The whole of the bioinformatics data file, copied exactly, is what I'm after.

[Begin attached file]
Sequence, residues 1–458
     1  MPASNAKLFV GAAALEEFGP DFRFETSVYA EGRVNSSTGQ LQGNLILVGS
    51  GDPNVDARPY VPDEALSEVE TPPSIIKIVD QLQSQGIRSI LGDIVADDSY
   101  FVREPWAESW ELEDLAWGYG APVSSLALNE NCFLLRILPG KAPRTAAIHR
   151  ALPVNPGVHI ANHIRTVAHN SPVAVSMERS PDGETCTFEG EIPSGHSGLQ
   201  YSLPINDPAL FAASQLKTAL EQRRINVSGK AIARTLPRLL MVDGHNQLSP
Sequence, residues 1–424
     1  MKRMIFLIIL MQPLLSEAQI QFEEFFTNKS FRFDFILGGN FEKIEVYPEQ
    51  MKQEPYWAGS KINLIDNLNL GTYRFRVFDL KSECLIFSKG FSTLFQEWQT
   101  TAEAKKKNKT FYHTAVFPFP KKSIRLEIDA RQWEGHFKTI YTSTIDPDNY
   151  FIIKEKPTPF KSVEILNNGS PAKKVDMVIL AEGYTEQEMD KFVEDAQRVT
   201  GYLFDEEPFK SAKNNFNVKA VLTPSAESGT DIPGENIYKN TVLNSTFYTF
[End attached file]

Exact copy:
Sequence, residues 1–458
     1  MPASNAKLFV GAAALEEFGP DFRFETSVYA EGRVNSSTGQ LQGNLILVGS
    51  GDPNVDARPY VPDEALSEVE TPPSIIKIVD QLQSQGIRSI LGDIVADDSY
   101  FVREPWAESW ELEDLAWGYG APVSSLALNE NCFLLRILPG KAPRTAAIHR
   151  ALPVNPGVHI ANHIRTVAHN SPVAVSMERS PDGETCTFEG EIPSGHSGLQ
   201  YSLPINDPAL FAASQLKTAL EQRRINVSGK AIARTLPRLL MVDGHNQLSP
Sequence, residues 1–424
     1  MKRMIFLIIL MQPLLSEAQI QFEEFFTNKS FRFDFILGGN FEKIEVYPEQ
    51  MKQEPYWAGS KINLIDNLNL GTYRFRVFDL KSECLIFSKG FSTLFQEWQT
   101  TAEAKKKNKT FYHTAVFPFP KKSIRLEIDA RQWEGHFKTI YTSTIDPDNY
   151  FIIKEKPTPF KSVEILNNGS PAKKVDMVIL AEGYTEQEMD KFVEDAQRVT
   201  GYLFDEEPFK SAKNNFNVKA VLTPSAESGT DIPGENIYKN TVLNSTFYTF